For most of my dating career, there was no Facebook. Looking back, I think that’s probably a good thing. Things you post never die, even when you do. Facebook came on the scene during my senior year of college, and even then, MySpace was the clear favorite of the cool kids, and would be for another two years or so. Before that, you didn’t declare your relationship status publicly. You might brag about your new fling to your friends, or bring someone home to meet your parents if things got really serious, but that was about it.

But before long, Facebook and his relation-ship labeling technology beat out MySpace and its profile song autoplay functionality. If you met someone and eventually had the “define the relationship” talk, you could then announce the results to all your friends with a couple clicks. Of course, this also meant you had to publicly acknowledge when the relationship spiraled out of control and eventually met its demise.

Then things got complicated. People started getting married. Continue reading

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The McBournie Minute: Why ‘Super Troopers 2′ is a bad bet

Comedian, writer and TV host Neal Brennan once mocked crowdfunding with the above tweet. It’s sort of funny to think about all those campaigns out there begging for your money, like the guy with the handwritten sign you ignore on your way to work. I’ve always found it funnier to watch certain projects wildly beat their goals, only to get slogged down in development or some other bump in the road neither they, nor their investors, saw coming. Remember that Android-based game console from a couple years ago? Whoops.

It’s made much more sense to me to invest only in things made by people who have previously made something of value. If someone has done work that I truly enjoyed, and for some reason can’t get the funding for his or her next project through the traditional channels, I’ll consider making a meager donation. Except for Zach Braff. Screw that guy.

So when Broken Lizard came knocking at my laptop asking for a handout, why did I turn them away? Continue reading

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The McBournie Minute: Why do we have frats anymore?

I graduated college 10 years ago. A lot has happened in that time. Society is very different from what it was then. Smartphones didn’t really exist yet. MySpace was dominating Facebook, and no one had heard of Twitter. Our culture was in some ways monolithic, since we still relied on traditional media forms to learn about trends and such. I’ve changed, too, but I don’t think anywhere near as drastically.

I didn’t have a cell phone in high school. When the bottom fell out of the economy, I was already on my second job in my career in journalism. I’ve never agreed with being called a “Millennial,” because there’s a big difference culturally between myself and people five years younger than me. Ten years gone, I’m certain that college life looks very different than it did when I was there–it’s probably changed more in the past decade than any other 10-year span.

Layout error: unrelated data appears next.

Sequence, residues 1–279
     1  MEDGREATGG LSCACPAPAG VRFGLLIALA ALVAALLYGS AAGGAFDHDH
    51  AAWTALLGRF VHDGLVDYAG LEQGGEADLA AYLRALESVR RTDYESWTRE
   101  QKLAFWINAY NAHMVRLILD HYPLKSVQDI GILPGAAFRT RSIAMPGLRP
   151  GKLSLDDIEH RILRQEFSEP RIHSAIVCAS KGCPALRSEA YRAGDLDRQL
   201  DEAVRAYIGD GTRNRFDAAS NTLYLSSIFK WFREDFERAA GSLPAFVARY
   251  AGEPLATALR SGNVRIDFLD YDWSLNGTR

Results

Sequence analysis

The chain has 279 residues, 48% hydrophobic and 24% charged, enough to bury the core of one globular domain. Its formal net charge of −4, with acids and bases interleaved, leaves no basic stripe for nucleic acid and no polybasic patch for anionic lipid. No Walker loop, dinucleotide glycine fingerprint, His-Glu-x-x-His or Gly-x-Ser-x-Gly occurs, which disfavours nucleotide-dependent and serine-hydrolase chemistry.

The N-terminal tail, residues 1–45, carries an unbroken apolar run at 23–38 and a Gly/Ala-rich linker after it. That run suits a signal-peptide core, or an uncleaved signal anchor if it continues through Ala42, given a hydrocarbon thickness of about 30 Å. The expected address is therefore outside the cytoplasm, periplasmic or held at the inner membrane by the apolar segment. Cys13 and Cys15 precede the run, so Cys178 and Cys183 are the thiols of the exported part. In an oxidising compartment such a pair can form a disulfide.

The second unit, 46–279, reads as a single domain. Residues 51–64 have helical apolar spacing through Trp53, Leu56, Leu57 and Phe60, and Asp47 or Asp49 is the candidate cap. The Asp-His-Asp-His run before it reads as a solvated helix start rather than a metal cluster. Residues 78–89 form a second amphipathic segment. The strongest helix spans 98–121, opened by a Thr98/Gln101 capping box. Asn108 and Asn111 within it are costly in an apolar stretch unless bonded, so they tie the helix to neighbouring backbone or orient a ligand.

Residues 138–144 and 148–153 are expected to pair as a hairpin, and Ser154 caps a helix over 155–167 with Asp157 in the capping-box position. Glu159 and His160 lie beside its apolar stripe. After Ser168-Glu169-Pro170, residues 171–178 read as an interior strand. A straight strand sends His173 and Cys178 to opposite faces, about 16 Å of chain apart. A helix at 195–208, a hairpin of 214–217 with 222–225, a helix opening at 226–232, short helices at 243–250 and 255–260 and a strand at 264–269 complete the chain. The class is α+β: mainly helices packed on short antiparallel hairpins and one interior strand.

But one thing that hasn’t changed is Greek life. Why do we still have fraternities, anyway? Continue reading

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The McBournie Minute: Do we really need a 311 beer?

There is no shortage of serious issues to address these days. Not that there was ever a time when there weren’t any problems that we as a society had to address, I just like opening up with a platitude. It gets you all on my side. And I don’t need to tell you that one of the most important issues today is beer.

It’s been a while since we talked about beer and the issues around it. I can tell you there is one non-issue getting a lot of press since the Super Bowl: the AB-InBev attack ad on craft beer. It’s not news that craft beer has long looked down its nose at poor-quality, mass-produced brews, but it was the first time one of the big boys hit back. It’s not an issue, because it didn’t do anything but get people riled up. No one watched the ad and decided to reconsider their taste in beer. No one. It just made beer related social media annoying to follow for a while.

So what’s really going on out there with beer? Continue reading

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The McBournie Minute: Ban acceptance speeches

For the past several years, my wife and I have gone to an Oscars viewing party hosted by friends. We all fill our ballots and eat and drink. The hosts are huge into movies, and have usually seen most, if not all, of the movies up for an award–even the foreign ones and animated shorts, which no one ever sees.

It reminds me that I haven’t seen that many movies, which I was already clear about this year. But it also reminds me that the show isn’t really for me, it’s for the cinephiles like them. That’s not necessarily a bad thing in theory. But take into account that ratings really sucked last night, which means we’re watching other things. We’re bored by award shows.

That’s why we need to ban acceptance speeches. Continue reading